Netanyahu stares down midnight deadline to form coalition

Despite meetings with rivals and outreach to the leader of an Islamist Arab party, Netanyahu has not closed a deal during the four-week window.

By Associated Press

Israeli Prime Minister Benjamin Netanyahu faces a midnight deadline on Tuesday to put together a new coalition government.

Netanyahu has struggled to secure a parliamentary majority since March 23 — when elections ended in deadlock for the fourth consecutive time in the past two years. Despite repeated meetings with many of his rivals and unprecedented outreach to the leader of a small Islamist Arab party, Netanyahu has not been able to close a deal during a four-week window.

That window was to expire at midnight, at which point the matter returns to President Reuven Rivlin in the absence of an agreement.

A failure to reach a deal would not immediately push Netanyahu out of office.

Rivlin could give him an additional two weeks to form a coalition. He could give one of Netanyahu’s opponents an opportunity to form a government, or in a final move of desperation, send the matter straight to parliament.

That would give lawmakers a chance to choose one of their own as a prime minister. If all options fail, the country would face another election this fall, meaning months of continued political paralysis.

In the March 23 election, Netanyahu’s Likud emerged as the largest single party, with 30 seats in the 120-member parliament. But to form a government, he needs to have the support of a 61-seat majority.

That task has been complicated in large part by members of his own religious and nationalist base.

The New Hope party, led by a former Netanyahu aide, refuses to serve under the prime minister because of personal conflicts. The Religious Zionism party supports Netanyahu but has ruled out serving in a government with the Arab partners he has courted.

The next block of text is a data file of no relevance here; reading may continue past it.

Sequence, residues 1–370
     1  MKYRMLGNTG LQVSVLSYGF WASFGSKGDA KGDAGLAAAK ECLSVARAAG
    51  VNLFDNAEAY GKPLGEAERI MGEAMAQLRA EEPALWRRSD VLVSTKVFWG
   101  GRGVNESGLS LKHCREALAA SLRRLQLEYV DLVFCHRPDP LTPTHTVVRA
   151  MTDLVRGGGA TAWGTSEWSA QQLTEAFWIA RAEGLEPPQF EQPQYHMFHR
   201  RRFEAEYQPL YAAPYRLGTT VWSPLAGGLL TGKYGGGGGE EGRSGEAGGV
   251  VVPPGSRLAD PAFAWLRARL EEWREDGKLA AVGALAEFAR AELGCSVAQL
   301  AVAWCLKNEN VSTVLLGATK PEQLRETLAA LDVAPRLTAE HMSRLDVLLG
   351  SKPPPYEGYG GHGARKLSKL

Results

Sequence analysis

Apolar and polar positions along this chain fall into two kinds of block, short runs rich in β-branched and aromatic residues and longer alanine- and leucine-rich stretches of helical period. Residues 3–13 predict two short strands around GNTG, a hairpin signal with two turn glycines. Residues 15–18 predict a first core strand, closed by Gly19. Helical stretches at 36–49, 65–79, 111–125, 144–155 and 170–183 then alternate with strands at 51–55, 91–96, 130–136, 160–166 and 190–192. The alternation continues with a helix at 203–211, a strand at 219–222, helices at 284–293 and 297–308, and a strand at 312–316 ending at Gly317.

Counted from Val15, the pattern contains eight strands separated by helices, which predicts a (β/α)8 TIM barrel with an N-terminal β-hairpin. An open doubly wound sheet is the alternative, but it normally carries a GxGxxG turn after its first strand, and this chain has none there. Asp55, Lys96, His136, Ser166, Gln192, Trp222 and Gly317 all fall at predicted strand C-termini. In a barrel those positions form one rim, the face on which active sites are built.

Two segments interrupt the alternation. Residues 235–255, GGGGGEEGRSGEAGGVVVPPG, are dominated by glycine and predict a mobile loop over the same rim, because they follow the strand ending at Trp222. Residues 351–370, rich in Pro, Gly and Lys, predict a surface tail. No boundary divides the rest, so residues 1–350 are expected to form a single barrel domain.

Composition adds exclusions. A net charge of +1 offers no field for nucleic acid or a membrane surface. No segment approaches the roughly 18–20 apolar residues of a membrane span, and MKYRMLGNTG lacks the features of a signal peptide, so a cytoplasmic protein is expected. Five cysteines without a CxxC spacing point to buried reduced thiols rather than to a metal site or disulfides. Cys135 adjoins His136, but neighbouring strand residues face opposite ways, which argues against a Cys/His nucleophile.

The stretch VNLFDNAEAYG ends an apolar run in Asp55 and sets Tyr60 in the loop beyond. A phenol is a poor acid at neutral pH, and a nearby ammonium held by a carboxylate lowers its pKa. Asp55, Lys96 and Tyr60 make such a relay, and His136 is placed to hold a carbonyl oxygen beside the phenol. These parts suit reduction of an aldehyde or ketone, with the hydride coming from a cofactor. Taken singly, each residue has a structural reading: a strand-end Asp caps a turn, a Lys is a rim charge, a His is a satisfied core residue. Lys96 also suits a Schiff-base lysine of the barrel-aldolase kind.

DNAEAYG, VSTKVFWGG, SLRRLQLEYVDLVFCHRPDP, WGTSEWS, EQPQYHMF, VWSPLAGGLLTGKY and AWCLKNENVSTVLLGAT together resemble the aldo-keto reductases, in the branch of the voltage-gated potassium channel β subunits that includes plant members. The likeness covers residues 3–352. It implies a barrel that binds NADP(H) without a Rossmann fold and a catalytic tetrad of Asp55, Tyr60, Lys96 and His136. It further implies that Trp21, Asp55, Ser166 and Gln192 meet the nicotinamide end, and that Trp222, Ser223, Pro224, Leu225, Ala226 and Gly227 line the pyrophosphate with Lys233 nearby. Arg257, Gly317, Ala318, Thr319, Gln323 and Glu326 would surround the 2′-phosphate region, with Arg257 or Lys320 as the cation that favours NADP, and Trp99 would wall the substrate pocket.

Yamina, another right-wing party led by a former Netanyahu aide, has refused to commit to either him or his opponents.

On Monday, Netanyahu said he had offered the head of Yamina, Naftali Bennett, the chance to share the job of prime minister in a rotation, with Bennett holding the post for the first year.

Bennett responded: “I never asked Netanyahu to be prime minister. I asked to form a government. Unfortunately, he does not have that.”

Looming over Netanyahu has been his ongoing corruption trial. Netanyahu has been charged with fraud, breach of trust and bribery in a series of scandals. The trial has moved into the witness phase, with testimony accusing him of trading favors with a powerful media mogul. Netanyahu denies the charges.

Last week’s deadly crush at a religious festival, in which 45 people were killed, has only complicated his task by creating an unwelcome diversion and calls for an official investigation into possible negligence.

Netanyahu’s opponents, meanwhile, have been holding meetings of their own in an effort to cobble together a possible alternative government.

Earlier this month his opponents gained control of the powerful Arrangements Committee, which controls the legislative agenda until a new government is formed. Last week, he was forced to abandon his appointment for interim justice minister, just before the Supreme Court appeared set to strike down the move.

Regardless, it remains unclear whether Netanyahu’s opponents can form an alternative government. The opposition includes a vast spectrum of parties that have little in common except for their animosity toward Netanyahu.